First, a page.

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His hands are ice cold, but there is a faint sheen of sweat upon his brow. I gently wipe it away with a damp cloth, hoping against hope that he will pull through, that he will live…

He does not respond when I call his name.

Théodred, Théodred…

He remains impassive, mute; not even an eyelid flickers at my voice.

His body battles the fever, and is losing. How can he die? He is – was – so strong, in life; always the outlasting all the others in the jousts and hunts. That must count for something.

I have not allowed myself to cry. It does not achieve anything, and it never will, so I have not and will not cry. But this silence, so impressing and heavy and surrounding that I cannot escape… it resembles too closely the cage of my nightmares, that haunts me in sleep.

Théodred does not struggle or whimper in discomfort; he just lies there. This complete silence cannot be good, so unlike to other fevers I have witnessed and experienced. He is still breathing, and his wounds are no longer infected. Perhaps it is just his weakened state that renders him so still.

And yet there is a small part of me that still hopes, that refuses to give up. It is this small part of me that keeps me here, holding his hand and keeping him comfortable, ready if he should wake up. If a miracle does happen, and he returns to us, I will be ready. That is what keeps me here, in my silent vigil.

Sometimes …omer comes and sits with me. He takes my free hand and holds it, and we sit like this, seeking comfort in each other's familiar presence. We watch him together, and remember. I know …omer blames himself for not finding Théodred sooner; that is he had, this could have been prevented.

I look at Théodred, my eyes following the familiar lines of his face, a face I have looked upon so many times since my childhood, my heart begins to ache. I have not let it up 'til now, but in the continuing silence and stillness I know it is futile to resist. Théodred will not be returning to us. That thought hurts like a knife; sharper than when my father died – I was too young to fully understand, then, and my memories are too nebulous to cause pain. I know …omer remembers, and still hurts, sometimes; but for me there is no real sense of loss. After all, one cannot really mourn what one has never really had.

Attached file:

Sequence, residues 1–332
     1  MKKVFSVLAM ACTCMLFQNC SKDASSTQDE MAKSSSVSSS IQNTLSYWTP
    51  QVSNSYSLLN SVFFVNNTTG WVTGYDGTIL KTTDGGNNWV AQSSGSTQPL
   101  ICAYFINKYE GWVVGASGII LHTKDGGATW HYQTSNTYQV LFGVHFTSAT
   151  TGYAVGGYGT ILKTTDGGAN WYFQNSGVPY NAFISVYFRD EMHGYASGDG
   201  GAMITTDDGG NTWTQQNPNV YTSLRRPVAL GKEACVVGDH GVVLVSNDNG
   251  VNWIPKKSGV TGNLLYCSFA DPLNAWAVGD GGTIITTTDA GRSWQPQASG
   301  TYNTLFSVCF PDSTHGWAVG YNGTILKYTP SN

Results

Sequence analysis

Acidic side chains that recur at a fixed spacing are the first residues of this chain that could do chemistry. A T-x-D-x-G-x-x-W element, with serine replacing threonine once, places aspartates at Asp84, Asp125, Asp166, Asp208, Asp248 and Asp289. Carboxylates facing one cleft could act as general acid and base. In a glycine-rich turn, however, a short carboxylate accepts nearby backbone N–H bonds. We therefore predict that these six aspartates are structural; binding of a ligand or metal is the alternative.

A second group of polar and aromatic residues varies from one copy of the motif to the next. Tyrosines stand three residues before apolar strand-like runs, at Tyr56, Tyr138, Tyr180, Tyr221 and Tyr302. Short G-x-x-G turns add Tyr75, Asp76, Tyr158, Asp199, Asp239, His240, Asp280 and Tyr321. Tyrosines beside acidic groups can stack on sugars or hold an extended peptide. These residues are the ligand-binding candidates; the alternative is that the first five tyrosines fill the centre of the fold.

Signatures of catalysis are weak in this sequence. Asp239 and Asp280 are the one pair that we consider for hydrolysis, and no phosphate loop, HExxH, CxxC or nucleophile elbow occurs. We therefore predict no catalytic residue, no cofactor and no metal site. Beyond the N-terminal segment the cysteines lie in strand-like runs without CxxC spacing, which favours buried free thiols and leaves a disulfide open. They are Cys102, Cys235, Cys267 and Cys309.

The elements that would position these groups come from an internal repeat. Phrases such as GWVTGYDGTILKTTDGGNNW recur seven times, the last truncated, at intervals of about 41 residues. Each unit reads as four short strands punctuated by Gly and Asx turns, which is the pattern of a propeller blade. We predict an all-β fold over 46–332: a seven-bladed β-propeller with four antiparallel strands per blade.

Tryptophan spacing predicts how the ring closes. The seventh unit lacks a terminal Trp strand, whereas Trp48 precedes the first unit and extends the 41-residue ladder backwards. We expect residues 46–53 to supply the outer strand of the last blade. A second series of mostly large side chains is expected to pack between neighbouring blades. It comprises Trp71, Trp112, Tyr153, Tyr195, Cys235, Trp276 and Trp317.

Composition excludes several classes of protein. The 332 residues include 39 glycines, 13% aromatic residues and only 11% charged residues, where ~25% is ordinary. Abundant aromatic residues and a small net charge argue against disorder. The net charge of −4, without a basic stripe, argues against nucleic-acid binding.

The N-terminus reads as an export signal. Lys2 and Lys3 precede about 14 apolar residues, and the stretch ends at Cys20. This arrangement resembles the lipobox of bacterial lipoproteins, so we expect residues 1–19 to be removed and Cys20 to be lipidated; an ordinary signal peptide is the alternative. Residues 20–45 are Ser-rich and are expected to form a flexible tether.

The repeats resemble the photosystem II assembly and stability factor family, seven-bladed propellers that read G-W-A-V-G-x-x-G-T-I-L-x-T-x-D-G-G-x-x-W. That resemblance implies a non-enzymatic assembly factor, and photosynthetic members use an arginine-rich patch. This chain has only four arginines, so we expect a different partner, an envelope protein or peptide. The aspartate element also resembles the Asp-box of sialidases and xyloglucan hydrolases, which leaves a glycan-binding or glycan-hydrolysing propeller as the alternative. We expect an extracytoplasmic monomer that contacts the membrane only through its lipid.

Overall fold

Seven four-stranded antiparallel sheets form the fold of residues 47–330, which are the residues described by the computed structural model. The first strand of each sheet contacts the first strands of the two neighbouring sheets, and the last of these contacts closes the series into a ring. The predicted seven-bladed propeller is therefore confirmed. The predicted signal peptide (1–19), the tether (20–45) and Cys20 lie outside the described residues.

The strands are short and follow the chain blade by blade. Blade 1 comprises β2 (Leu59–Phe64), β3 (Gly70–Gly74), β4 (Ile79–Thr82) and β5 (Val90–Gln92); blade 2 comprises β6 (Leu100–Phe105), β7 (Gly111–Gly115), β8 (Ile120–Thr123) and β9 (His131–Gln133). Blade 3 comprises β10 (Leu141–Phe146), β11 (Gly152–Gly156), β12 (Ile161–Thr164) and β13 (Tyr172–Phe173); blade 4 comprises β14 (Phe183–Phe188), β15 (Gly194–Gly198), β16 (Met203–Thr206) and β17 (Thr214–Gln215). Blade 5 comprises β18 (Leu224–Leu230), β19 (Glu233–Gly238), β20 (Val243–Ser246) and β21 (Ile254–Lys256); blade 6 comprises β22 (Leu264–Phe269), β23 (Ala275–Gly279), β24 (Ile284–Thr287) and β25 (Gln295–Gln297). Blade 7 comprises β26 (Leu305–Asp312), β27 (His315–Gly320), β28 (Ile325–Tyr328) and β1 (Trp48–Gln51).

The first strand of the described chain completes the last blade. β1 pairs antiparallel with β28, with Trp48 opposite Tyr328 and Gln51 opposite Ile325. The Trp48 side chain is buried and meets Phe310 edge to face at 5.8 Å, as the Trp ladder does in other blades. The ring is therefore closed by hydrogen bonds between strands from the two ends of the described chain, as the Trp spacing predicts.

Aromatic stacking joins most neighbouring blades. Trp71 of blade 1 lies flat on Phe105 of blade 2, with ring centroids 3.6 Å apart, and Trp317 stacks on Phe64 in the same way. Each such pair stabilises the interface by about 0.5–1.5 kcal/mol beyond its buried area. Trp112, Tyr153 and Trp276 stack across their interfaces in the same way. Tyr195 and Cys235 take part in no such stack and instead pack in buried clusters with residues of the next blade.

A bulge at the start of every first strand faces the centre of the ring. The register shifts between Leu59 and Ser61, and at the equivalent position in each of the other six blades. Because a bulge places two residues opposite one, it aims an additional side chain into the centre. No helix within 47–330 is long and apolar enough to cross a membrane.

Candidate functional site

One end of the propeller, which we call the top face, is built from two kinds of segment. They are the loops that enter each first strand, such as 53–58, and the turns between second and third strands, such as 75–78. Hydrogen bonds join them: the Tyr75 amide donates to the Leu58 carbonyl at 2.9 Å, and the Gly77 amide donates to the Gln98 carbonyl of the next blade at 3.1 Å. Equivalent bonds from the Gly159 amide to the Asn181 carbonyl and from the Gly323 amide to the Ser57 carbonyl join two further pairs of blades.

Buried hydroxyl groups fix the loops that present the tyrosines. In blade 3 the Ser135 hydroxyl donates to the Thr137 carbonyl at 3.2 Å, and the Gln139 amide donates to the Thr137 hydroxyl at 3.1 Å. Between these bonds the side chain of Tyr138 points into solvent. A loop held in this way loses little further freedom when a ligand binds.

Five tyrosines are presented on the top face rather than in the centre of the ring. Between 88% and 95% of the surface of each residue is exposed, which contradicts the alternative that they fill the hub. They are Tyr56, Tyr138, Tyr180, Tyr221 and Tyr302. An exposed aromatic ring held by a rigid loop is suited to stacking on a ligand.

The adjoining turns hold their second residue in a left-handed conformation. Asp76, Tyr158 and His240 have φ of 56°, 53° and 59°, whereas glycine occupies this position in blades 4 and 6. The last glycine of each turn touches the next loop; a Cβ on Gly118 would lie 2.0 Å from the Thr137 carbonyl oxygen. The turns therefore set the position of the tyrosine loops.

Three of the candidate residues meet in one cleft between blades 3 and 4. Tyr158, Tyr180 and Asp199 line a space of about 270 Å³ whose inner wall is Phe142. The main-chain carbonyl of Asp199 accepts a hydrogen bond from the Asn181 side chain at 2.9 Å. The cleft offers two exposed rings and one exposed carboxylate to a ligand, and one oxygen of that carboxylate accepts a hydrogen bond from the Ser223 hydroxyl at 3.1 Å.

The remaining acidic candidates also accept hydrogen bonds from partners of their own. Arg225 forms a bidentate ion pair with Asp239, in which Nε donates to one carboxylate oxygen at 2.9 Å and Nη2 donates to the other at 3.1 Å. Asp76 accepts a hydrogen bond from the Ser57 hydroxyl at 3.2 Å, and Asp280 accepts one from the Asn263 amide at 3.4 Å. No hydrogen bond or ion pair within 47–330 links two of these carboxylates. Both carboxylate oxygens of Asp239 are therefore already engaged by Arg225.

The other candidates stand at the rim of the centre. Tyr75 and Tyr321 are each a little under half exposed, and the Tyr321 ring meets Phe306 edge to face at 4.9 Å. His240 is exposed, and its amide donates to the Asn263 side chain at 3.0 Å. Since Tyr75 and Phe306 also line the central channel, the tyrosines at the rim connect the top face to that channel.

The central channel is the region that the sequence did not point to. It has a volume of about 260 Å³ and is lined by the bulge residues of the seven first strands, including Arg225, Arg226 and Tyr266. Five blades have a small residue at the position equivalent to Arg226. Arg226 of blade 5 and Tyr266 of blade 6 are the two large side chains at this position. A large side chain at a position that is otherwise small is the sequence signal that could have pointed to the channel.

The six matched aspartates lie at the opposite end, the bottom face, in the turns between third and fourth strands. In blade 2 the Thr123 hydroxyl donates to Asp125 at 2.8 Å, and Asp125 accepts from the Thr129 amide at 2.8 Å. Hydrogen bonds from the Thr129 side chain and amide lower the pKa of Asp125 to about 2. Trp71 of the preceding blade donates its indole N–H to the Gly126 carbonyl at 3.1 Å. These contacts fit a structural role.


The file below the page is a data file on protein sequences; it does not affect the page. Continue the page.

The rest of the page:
Losing Théodred, however, is like losing a brother; like some vital part of me has been ripped out and I can no longer function. I can't eat, I can't sleep; all I can do is wait and watch.

And so …omer and I watch together, our hands gripping each other to find solace as we watch our silent cousin. …omer's hands are warm and strong, safe and reassuring. As we sit, Théodred gives a sigh, and a mumble. His fingers flex within my grasp.

At this movement I gasp and kneel next to Théodred. …omer does the same next to me.

'Théodred', I whisper, calling to him. 'Théodred, come back.' He twitches again, and repeats his mumble. It sounds like 'father'.

'He's here,' I say desperately, squeezing his hand, 'your father will be here, Théodred.'

He says nothing more. His hand squeezes mine weakly, then falls limp.

I stare at him. The slight rise and fall of his chest, only just perceptible before, has stopped. I gently release his hand, and stand up. I wobble, and …omer holds me steady.

'Prince Théodred of Rohan is dead,' I say to no one in particular. There aren't even any guards to hear me. I look at …omer and see the grief in his eyes, barely veiled.

'The king must be told,' I say. I think about what this will do to the king, my uncle. If he even registers what I say. King Théoden doesn't respond to anyone, more often than not, unless Wormtongue is present. Will Théoden even realise his son is dead, and mourn his passing? Or will he continue to live in the dream world it appears he inhabits, shut away from everything? I don't know.

I look once more upon Théodred, golden hair and a face open and friendly yet powerful and kingly, and so like his father's; a face I will never again see smile or laugh.

I damn the dark forces that are waking in Middle-Earth. They have taken my cousin. Woe betide the creature that takes anyone else from me.
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